Alright, enough already about the three books suggested here for holiday gift giving being for the birds.
While the birds of the feather that are the topics of the three books, it is unlikely they would roost together. “Turkey Men: Volume 1” and “Raptors: The Curious Nature of Diurnal Birds of Prey” could share the same bookshelf and “Percy the Victorious Vulture” is an ideal way to introduce preteens to the fascinating and often misunderstood world of vultures.
“Turkey Men: Volume 1,” by Thomas R. Pero, hardcover, 220 pages, Wind River Press, $49.95, www.wildriverpress.com
This book is for all turkey hunters, but especially for those who think of the first Sunday of December as the beginning of the countdown to spring gobbler season – it’s just 2½ months to Osceola season in Florida – rather than the last week of the firearms deer season in Pennsylvania.
Author Tom Pero makes no claims to be an accomplished turkey hunter, but he certainly knows how to tell the story of those who are and “Turkey Men: Volume 1” tells the stories of six hunters who have taken a spring gobbler in each of the 49 states that have a season, which the National Wild Turkey Federation dubbed the United States Super Slam in 2011. Yes, Hawaii has season, but Alaska is out in the cold and the accounts of more hunters will be available next spring with the publication of “Turkey Men: Volume 2.”
Two of the six hunters featured in the book are Pennsylvania resident Tony Hudak of Noxen and Pennsylvania native Rob Keck, who now resides in South Carolina. Two others are from Florida and one each from Texas and Louisiana.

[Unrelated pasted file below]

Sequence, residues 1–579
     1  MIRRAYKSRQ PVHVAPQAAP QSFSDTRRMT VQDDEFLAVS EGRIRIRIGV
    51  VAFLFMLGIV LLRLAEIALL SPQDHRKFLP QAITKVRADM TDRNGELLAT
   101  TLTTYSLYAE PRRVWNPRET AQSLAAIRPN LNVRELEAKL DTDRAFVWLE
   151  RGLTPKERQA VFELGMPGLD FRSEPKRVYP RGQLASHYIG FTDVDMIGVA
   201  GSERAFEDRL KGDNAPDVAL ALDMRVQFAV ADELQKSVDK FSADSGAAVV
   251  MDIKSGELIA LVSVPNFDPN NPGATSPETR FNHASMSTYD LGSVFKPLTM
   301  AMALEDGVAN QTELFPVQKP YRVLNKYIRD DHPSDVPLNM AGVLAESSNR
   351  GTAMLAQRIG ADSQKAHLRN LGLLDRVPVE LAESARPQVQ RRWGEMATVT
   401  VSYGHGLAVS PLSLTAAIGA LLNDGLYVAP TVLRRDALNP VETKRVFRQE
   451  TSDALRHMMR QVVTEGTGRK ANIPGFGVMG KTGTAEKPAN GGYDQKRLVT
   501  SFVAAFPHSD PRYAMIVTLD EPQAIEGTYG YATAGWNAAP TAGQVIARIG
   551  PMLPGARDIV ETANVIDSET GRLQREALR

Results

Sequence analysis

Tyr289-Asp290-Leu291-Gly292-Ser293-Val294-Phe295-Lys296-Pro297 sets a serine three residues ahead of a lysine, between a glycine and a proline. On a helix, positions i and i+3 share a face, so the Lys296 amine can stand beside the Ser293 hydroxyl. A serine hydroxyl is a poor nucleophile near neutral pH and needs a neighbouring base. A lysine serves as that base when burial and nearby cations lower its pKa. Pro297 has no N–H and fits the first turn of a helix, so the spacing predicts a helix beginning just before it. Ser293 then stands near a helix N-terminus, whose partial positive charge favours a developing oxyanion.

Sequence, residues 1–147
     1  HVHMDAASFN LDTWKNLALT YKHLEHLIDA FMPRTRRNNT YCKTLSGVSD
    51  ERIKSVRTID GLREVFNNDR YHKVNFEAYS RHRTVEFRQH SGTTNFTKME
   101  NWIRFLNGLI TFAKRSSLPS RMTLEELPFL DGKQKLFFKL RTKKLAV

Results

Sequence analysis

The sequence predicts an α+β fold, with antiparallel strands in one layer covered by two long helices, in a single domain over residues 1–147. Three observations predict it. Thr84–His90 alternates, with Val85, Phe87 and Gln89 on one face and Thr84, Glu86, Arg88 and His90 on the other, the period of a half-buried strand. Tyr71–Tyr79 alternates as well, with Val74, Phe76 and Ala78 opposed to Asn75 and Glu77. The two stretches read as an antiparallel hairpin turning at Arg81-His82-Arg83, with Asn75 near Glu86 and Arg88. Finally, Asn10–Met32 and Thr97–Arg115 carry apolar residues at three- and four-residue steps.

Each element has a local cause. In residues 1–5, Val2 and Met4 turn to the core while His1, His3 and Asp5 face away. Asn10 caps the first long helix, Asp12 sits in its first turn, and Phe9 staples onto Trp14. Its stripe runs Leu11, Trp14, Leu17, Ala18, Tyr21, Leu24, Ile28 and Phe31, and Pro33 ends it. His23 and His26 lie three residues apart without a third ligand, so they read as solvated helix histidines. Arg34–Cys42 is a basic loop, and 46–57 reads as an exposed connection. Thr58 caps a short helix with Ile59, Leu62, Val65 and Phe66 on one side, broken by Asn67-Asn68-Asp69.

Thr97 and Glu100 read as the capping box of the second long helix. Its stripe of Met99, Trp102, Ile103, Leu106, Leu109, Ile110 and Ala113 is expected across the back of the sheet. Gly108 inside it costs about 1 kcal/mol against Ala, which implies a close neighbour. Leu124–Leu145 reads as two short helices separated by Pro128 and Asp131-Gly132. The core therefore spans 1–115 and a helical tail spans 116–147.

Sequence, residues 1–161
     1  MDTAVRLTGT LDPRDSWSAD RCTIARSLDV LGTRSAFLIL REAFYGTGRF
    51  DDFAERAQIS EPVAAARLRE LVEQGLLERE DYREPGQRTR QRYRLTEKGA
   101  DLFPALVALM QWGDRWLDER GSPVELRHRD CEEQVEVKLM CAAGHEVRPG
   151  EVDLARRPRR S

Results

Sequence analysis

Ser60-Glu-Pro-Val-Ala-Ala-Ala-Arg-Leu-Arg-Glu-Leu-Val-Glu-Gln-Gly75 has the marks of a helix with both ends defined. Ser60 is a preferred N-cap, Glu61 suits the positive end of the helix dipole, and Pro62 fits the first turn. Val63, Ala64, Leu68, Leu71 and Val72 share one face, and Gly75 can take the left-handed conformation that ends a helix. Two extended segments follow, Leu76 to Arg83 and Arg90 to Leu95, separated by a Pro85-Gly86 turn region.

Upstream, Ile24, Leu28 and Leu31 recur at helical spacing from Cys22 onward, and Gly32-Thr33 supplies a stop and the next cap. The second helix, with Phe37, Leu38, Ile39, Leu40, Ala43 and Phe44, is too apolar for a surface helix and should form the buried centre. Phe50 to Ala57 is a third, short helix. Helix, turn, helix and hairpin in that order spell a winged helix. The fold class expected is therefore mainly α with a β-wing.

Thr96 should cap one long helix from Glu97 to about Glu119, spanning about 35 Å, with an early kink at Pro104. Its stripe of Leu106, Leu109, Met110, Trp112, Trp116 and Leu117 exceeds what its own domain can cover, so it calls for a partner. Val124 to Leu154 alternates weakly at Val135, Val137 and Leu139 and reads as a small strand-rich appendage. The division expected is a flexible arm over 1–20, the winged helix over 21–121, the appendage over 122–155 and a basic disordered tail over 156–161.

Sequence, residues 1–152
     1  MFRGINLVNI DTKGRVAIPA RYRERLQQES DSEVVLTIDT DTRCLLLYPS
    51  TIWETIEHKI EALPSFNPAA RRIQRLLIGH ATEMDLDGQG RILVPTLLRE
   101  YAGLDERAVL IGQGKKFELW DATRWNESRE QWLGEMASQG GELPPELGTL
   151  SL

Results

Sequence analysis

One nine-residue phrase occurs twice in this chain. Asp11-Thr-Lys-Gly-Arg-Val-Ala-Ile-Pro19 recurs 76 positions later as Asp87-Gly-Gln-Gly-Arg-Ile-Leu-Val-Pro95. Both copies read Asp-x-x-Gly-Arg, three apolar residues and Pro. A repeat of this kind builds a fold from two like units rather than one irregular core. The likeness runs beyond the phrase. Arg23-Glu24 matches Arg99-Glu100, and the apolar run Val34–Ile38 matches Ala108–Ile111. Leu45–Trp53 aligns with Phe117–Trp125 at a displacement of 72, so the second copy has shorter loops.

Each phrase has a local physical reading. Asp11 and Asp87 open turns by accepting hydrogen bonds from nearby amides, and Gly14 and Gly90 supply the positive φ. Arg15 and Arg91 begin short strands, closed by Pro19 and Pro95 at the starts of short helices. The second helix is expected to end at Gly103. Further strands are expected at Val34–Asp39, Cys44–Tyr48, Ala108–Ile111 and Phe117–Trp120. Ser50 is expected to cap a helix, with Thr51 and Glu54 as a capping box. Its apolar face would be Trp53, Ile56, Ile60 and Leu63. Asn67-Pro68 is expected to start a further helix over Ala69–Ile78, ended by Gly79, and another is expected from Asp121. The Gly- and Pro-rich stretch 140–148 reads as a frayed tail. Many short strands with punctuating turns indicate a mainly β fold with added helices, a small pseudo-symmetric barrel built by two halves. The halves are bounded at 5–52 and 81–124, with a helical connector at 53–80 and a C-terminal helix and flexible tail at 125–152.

“Their stories are remarkable,” Pero said. “Only a handful of hunters have ever achieved this feat.
“It took them years to accomplish. I did the calculation and discovered that 235 times as many mountain climbers have successfully reached the top of Everest.”
Long interviews and impressive photos of the hunters document their devoted and adventurous quest for the USSS. Restoration efforts of the NWTF are mentioned throughout the book, without which the USSS would not be possible.
“Raptors: The Curious Nature of Diurnal Birds of Prey” by Hawk Mountain Sanctuary ornithologist Dr. Keith Bildstein, hardcover, 336 pages, Cornell University Press, $35, www.hawkmountain.org/store/products
Everyone knows about raptors: They’re the reason for so few rabbits and pheasants. Well, forget that bad rap that has been around since the days bounties were paid for killing these magnificent kings of the sky.
Raptors play an important and necessary role in the balance of nature and Keith Bildstein has watched and studied raptors on five continents and perhaps no one else is more qualified to tell the story of their critical importance as ecological entities and inspirational tokens across natural and human-dominated landscapes. His book offers a comprehensive and accessible account of raptors, including their evolutionary history, their relationships to other groups of birds, their sensory abilities, their general natural history, their breeding ecology and feeding behavior and threats to their survival in a human-dominated world.
While full of scientific and biological information, this is a highly readable book that is a page-turner. It is a must-read for naturalists, biologists, birders, hawk watchers, science educators, schoolchildren and the general public to understand and appreciate these birds and in so doing better protect them.
“Percy the Victorious Vulture,” by Hawk Mountain Sanctuary Director of Education Erin Brown and staff, soft cover, 28 pages, Hawk Mountain Sanctuary Association, $5, www.hawkmountain.org/store/products
This book will hold the interest of youngsters with its full-color drawings and fascinate them when they read the true story of “Percy,” a flightless black vulture. While the story is told in an entertaining style, it also educates young readers about vulture behavior, raptor conservation and citizen science.
“Percy’s story is one of perseverance and survival, while offering a wholesome lesson about wildlife and vultures specifically,” Brown said. “This book will spark an interest in animal and conservation science in children everywhere. It will delight the visual senses of young children as they learn about black vultures and also teach them about the importance of perseverance.”
(Dietz is a member of the Pennsylvania Outdoor Writers Association)